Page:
It's hard to overestimate the ramifications of this decision. Try as the legislature might to create a narrow exception to workers' compensation immunity, our state supreme court has continually interpreted the exception liberally in favor of finding liability at nearly every opportunity. This particular OSHA regulation is classified as one relating to "labor," which covers a whole host of industries, not just the lumber industry. Where any employer subject to OSHA fails to perform the hazard assessment required by this regulation, it may not deny that it had a subjective realization of the unsafe working condition that might have been noticed and remedied by personal protective equipment. One might imagine that any of the other hundreds of OSHA regulations that impose any sort of specific duty on an employer are going to be fair game for subsection (B), regardless of the breadth of their scope.

So the moral to the story is, "be careful out there." With decisions like this, workers' compensation insurance may soon be the exception rather than the rule for any significant workplace accident.

Monday, December 18, 2006

City police officer's termination reversed

In State ex rel. Dickerson v. City of Logan, No. 33174 (Per Curiam)(November 29, 2006), the West Virginia Supreme Court of Appeals reinstated with back pay a probationary city police officer where the city failed to give the officer a written statement of the reasons for his termination, and it failed to offer him a hearing.

The case is a fairly unremarkable application of established statutory law, and to some extent, the holding in syllabus point 6 of Major v. DeFrench, 169 W.Va. 241, 286 S.E.2d 688 (1982), which stated that “A police civil service employee who is dismissed from employment at the end of her probationary term, is entitled to the procedural protections set out in W.Va. Code § 8-14-20.” West Virginia Code § 8-14-20(a) requires that a police officer be "furnished with a written statement of the reasons for the action" taken against him, and also, if the officer demands it, "a public hearing."

The statute creating the "probationary" classification for new officers is reasonably clear as it applies to officers in the middle of their probationary period: "All original appointments to any positions in a paid police department subject to the civil service provisions of this article shall be for a probationary period of one year: Provided, That at any time during the probationary period the probationer may be discharged for just cause, in the manner provided in section twenty of this article." W.Va. Code §8-14-11 (emphasis added). This statute controls the outcome of this case. The officer was fired eight months into his one-year probationary period, and not at the conclusion.

Of course, in Major, the court went on to hold that that even if an officer does complete his probationary period, he is still entitled to written notice of the reasons for his termination and a public hearing, not because the statute requires it, but because of his constitutional right to due process. For officers who have completed their probationary period, the statute itself gives only the right to written notice of the decision: "If, at the close of this probationary term, the conduct or capacity of the probationer has not been satisfactory to the appointing officer, the probationer shall be notified, in writing, that he will not receive absolute appointment, whereupon his employment shall cease; otherwise, his retention in the service shall be equivalent to his final appointment." W.Va. Code § 8-14-11. This would appear to mean that the officer could be terminated without a hearing. "Not so fast," said the Court in Major. Regardless of the clear legislative intent not to require a hearing for those officers completing their probationary term, the Court found that the probationer, having been employed for a year, had a property interest in continued employment giving rise to certain due process protections. And what "due process" is he entitled to? All the rights set forth in § 8-14-20, of course.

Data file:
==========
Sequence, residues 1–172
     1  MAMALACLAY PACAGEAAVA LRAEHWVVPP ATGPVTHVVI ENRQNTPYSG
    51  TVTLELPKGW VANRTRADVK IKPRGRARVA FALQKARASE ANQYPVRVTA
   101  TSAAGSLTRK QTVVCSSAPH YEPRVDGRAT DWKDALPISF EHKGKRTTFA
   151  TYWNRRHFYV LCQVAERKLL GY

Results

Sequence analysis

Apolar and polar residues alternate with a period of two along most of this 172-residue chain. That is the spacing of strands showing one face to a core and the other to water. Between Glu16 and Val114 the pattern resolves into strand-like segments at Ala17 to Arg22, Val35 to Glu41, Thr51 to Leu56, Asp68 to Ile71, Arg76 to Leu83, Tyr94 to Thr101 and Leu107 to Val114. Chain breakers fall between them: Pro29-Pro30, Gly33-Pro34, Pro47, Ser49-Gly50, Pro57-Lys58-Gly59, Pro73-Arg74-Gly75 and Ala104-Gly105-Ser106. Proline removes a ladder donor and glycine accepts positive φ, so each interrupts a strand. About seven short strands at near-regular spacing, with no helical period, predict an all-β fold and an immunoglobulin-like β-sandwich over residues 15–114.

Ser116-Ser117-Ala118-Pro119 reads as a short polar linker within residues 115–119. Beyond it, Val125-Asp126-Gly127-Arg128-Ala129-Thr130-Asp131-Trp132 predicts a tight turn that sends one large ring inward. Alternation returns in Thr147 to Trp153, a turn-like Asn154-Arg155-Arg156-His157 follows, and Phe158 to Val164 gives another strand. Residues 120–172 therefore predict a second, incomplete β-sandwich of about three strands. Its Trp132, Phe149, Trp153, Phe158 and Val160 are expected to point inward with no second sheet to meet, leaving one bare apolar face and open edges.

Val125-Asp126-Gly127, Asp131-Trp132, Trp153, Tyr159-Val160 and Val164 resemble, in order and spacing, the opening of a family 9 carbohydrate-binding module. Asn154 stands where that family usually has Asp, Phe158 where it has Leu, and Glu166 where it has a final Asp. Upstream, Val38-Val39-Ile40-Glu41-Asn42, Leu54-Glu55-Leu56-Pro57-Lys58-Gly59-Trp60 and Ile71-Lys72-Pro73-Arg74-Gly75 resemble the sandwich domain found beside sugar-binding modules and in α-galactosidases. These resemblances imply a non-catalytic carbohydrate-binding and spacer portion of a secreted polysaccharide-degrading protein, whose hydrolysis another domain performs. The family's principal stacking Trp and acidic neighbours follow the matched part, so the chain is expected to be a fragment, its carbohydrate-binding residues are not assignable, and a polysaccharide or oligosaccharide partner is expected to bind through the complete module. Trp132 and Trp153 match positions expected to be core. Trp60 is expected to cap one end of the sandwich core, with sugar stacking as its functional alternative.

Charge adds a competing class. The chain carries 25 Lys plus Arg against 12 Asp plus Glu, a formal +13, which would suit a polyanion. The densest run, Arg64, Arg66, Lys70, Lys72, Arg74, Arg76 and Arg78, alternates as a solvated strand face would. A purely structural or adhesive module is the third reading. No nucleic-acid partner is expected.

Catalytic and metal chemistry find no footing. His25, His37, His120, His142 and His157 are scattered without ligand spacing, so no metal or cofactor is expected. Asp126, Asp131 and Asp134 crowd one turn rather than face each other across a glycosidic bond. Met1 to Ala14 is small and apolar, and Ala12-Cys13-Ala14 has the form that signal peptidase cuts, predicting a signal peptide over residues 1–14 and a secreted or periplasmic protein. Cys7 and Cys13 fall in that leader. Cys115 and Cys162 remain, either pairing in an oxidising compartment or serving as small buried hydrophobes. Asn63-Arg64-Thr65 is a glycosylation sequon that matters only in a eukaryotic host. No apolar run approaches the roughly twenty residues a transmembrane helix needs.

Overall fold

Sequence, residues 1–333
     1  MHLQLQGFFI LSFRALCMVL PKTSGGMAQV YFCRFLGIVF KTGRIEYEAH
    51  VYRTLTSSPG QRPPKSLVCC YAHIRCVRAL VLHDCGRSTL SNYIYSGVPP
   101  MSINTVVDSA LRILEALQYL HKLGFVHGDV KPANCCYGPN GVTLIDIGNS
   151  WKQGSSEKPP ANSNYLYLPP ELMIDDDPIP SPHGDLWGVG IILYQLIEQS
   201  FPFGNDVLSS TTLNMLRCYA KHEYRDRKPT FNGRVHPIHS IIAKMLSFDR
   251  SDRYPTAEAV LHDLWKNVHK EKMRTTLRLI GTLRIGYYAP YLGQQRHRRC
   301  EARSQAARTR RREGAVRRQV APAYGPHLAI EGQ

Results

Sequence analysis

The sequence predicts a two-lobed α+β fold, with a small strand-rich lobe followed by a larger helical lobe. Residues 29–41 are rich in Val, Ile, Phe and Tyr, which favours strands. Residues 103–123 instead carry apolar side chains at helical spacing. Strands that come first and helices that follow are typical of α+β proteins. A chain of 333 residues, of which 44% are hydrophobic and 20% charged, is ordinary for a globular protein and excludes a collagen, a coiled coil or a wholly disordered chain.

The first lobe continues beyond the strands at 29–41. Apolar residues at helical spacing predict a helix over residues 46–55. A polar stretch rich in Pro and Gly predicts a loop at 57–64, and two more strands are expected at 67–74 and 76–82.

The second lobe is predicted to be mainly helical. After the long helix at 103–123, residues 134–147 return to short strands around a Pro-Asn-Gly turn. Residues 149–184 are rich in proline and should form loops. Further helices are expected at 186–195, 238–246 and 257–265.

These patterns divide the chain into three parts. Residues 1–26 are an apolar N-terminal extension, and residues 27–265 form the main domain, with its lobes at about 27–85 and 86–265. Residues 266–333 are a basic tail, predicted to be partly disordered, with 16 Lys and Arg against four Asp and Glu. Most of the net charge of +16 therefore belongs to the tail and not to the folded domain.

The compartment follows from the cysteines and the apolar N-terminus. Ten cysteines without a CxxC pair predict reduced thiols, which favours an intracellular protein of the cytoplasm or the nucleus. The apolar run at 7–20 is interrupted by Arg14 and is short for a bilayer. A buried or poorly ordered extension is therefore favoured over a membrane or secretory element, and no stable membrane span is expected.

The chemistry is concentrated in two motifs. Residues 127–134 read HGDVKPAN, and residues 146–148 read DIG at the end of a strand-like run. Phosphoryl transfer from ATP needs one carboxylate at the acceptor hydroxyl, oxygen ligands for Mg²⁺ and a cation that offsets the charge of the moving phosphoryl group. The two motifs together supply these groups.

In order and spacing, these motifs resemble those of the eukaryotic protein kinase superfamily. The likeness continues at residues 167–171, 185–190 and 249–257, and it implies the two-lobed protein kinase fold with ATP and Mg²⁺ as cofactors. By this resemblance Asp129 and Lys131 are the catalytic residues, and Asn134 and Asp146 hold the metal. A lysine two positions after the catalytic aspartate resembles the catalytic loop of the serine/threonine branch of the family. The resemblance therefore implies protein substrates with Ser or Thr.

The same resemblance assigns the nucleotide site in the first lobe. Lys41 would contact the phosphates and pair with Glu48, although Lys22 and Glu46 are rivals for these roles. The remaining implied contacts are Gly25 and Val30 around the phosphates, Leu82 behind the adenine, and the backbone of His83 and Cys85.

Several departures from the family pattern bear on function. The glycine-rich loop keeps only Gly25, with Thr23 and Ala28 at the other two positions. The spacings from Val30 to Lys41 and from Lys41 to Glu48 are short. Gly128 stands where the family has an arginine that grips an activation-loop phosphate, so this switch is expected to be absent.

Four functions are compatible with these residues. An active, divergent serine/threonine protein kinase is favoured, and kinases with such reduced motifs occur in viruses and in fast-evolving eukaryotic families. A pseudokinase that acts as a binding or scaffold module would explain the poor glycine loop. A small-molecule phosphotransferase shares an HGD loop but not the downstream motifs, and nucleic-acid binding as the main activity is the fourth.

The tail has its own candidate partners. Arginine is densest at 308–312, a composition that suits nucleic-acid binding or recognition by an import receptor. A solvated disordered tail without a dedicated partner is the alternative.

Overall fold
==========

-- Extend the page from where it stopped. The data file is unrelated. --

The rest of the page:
But, in this case, constitutional due process did not come into play because the officer had not completed his probationary term. Instead, §8-14-11 controlled and required the process of §8-14-20 to be afforded. I'm not sure why the Court even cited Major v. DeFrench in the first place, other than to pour salt into old wounds.

Friday, December 15, 2006

Three new circuit judges appointed

This article in the State Journal notes that Governor Manchin has filled the three circuit court vacancies with the following individuals:

4th Circuit: J.D. Beane, a Parkersburg attorney and member of the House of Delegates, will replace retiring Judge George W. Hill, Jr.

9th Circuit: William J. Sadler, a Princeton attorney, will replace retiring Judge John R. Frazier ; and

23rd Circuit: Gina M. Groh, a Charles Town attorney, will fill a newly created judgeship in my home circuit, which will now have five judges. Judge Groh will be only the third female circuit judge in the state.

Thursday, December 14, 2006

Judges talk about technology in the courtroom

A friend sent me a link to this article written by Sensei Enterprises, Inc. titled "Three Strikes and You’re Out: Judges Talk About Technology in the Courtroom." It contains a number of practical tips about using technology to present your case at trial. Here is one tip I especially liked:

Don’t do anything that requires dimming the lights after lunch. You’re sure
to encourage siestas. Also, don’t start using any technology at the point where
jurors are antsy to go home for the day. They will be impatient and unreceptive.